Friday, July 4, 2014

The Rise of Patreon

Webcomics are great for the audiance.  They can cover dozens, if not hundreds of different topics, genres, stories and what not.  The art can be dirt simple to amazing, and all of it for free.  Completely free.

Which means it sucks for the artist because free does not pay the bills.  Oh, a few comics have managed to make it big, but the vast majority don't make a red cent.  Often the artists have to find ways to make money.  Advertising is almost universal for all comics, but rarely makes enough.  Some artists run the convention circuit selling sketches, books and doodads in the hopes to make enough to do the next convention.  And some, like Doc over on The Whiteboard, actually have full time jobs.

Then came Patreon.  The idea is simple:  Pay your favorite internet creator (comic artist, blogger, video maker, streamer, etc) a small fee every month of content they provide.  It's crowd sourcing an income.  And it's gaining speed at a startling rate.

The first comic I saw it on was Does Not Play Well With Others, and the rest of Michael Poe's work (Errant Story and Exploitation Now!), and I thought it was a damn fine idea.  But it's been spreading quickly and one in particular got me to writing this, but I'll get to that.

Of course, so did Kickstarter, but the difference is the goal.  Kickstarters are typically for a single project, in the case of comics it's usually a book.  Patreons are continuous, month after month.  They're apparently working on a one time payment option, but that defeats the point of it.  That also means if one invests in a comic and said comic does NOT produce anything that month, the money can disappear.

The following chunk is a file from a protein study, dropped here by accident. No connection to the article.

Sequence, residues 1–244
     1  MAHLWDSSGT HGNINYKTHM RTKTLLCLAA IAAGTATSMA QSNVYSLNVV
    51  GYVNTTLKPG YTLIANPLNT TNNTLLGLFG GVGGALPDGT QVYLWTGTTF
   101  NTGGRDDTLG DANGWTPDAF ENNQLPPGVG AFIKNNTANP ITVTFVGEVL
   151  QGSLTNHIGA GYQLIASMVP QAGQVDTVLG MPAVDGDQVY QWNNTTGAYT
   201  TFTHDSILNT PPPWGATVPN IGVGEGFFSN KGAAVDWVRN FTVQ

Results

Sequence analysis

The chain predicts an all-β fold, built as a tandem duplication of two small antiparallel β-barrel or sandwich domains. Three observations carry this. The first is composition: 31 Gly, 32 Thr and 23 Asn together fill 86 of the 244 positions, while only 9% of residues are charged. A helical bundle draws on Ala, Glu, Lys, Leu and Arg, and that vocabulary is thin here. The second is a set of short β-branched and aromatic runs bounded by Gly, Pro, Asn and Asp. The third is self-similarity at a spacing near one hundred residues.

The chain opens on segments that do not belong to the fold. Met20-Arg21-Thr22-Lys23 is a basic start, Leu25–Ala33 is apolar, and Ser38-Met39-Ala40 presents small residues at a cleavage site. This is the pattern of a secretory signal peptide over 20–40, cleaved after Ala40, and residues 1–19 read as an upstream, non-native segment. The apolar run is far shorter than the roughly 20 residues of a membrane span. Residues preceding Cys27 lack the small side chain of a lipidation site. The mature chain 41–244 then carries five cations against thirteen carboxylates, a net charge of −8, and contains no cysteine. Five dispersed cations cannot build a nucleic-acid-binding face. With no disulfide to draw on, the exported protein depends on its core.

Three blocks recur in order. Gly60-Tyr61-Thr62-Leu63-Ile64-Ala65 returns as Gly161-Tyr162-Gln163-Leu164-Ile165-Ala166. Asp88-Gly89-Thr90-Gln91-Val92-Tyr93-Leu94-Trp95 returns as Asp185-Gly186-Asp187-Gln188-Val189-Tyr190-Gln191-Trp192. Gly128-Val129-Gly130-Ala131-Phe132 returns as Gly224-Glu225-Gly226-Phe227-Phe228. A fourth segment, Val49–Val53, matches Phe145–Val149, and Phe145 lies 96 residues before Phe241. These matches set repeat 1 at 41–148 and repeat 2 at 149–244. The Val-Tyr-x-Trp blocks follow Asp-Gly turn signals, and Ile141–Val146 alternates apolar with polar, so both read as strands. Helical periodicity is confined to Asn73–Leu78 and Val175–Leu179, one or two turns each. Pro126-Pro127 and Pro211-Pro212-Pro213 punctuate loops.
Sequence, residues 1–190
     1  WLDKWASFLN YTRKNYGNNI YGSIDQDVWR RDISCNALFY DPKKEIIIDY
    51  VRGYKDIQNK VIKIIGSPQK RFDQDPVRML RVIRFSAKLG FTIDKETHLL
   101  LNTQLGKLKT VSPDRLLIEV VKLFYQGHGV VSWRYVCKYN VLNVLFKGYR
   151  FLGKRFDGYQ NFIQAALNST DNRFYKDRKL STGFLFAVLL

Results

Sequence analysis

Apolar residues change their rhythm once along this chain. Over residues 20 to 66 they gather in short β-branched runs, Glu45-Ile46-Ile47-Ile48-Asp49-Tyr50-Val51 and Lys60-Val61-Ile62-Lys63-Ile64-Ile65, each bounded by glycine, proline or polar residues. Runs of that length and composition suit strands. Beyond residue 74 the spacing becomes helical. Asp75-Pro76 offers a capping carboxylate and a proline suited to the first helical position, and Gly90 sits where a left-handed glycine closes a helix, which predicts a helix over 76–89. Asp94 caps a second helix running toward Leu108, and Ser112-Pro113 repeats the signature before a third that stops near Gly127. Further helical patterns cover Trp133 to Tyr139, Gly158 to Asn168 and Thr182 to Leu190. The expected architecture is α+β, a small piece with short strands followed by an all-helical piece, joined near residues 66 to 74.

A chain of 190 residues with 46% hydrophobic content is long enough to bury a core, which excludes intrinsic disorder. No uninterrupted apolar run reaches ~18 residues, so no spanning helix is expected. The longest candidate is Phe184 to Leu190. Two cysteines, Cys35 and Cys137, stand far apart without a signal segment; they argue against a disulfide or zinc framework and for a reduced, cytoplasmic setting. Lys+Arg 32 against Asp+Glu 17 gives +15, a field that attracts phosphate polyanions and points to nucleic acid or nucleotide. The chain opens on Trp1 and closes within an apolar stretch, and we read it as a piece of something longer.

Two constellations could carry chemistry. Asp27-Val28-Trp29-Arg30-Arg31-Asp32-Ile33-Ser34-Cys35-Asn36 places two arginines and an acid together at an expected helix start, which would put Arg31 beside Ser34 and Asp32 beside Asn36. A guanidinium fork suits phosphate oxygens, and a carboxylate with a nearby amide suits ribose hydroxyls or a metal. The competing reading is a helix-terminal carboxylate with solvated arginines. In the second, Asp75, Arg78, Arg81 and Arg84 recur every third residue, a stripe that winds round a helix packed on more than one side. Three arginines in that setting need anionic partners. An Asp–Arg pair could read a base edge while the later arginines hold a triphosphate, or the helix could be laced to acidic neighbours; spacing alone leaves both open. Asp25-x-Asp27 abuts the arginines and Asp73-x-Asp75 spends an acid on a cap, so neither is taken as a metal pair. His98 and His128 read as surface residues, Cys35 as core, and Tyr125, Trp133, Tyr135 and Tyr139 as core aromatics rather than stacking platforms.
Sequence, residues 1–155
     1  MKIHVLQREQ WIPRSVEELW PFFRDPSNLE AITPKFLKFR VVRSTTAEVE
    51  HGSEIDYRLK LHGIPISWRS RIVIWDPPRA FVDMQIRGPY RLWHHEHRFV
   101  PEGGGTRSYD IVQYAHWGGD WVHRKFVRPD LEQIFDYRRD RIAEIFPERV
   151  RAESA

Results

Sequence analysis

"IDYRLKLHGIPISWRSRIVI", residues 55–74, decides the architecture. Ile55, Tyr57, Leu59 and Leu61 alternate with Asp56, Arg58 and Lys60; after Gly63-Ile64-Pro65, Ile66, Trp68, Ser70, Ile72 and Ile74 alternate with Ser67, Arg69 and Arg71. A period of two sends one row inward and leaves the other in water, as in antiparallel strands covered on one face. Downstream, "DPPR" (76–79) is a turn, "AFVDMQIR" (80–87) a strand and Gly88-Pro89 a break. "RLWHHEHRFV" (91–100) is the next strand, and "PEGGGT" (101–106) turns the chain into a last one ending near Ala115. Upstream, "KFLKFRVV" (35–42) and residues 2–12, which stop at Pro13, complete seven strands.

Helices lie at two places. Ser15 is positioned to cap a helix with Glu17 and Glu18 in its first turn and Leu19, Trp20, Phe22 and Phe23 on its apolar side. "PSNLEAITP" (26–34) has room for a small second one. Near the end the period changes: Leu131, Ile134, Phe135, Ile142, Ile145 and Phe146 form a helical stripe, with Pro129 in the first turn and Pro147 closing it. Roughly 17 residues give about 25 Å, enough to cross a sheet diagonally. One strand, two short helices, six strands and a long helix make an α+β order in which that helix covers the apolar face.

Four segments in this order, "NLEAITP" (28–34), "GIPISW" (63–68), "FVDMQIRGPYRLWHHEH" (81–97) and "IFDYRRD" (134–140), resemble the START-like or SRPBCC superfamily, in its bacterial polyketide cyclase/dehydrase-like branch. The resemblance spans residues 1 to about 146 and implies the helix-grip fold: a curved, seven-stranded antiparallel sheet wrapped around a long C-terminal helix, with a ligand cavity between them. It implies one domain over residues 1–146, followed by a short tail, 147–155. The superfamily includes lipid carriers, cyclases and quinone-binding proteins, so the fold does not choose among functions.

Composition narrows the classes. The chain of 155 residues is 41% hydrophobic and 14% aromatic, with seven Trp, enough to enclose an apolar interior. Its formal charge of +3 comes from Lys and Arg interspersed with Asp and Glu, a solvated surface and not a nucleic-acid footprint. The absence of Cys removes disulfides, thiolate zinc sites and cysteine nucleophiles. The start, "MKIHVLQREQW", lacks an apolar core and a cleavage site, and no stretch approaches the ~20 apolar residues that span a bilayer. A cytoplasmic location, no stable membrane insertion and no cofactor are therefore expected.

That recurring payment thing means that the rewards should also be recurring, not a one time thing.  Consideration should probably be made before blindly throwing money at a creator, and before the campaign itself is started.  I've noticed a few Patreon campaigns where the rewards sound very much like the rewards for a Kickstarter, which is terrible since those rewards are designed to be one time things, not something that happens repeatedly.  Sadly, I think many don't see the difference between Kickstarter and Patreon, when the difference is quite clear, and I think both creators and investors need to examine what is in a given campaign for rewards and such before committing.

It has taken off though (seriously, I added two more to the list in one morning), and it's a damn good thing.  Without a steady income, most comics are at the whims of finances, which can be, and often is, rocky as hell.  The few comics that manage an income don't strictly need it, but even successful comics, like the Devil's Panties can always use the extra finances.  Though it would help if she put it a bit higher up on her page so I don't have to hunt for it.

That said, don't expect a lot, despite what some have done.  Saturday Morning Breakfast Cereal has gotten over 8000 dollars a month, which is insane.  I think Dr. McNinja has the second highest at about 2000, but most will be lucky to get a couple hundred.  Popular comics obviously make much more than average, and most of the ones I read are really good and popular, so they're a bit richer than I would normally expect.

So which comics have Patreon campaigns?  Here's a list and a link to their campaigns:

The Adventures of Dr. McNinja -
The Demon Archives -
Twilight Lady -
Exiern -
Derelict -
Dead Winter -
Does Not Play Well With Others -
Romantically Apocalyptic -
Sorcery 101 -
String Theory -
Trying Human -
Zebra Girl -
Bug Martini -
Chainsawsuit -
Devil's Panties -
Dumbing of Age -
Saturday Morning Breakfast Cereal -
Book of Biff -
Wapsi Square -

I might have missed some as they tend to happen with little warning or I miss the icons.

There is one comic missing from that list because while it doesn't actually have a Patreon campaign, it's been doing the same thing for years?  That comic is. . .  yeah it's Sluggy Freelance.  For a LONG time now, the Defenders of Nifty program has been one of the bigger income producers of the comic.  It works basically the same as a Patreon, though it runs yearly rather than monthly.  Still, same idea.  I'm telling you, this comic has done everything.

Well enough of that.  Until next time kiddies.  Oh and happy 4th of July for my fellow Americans.

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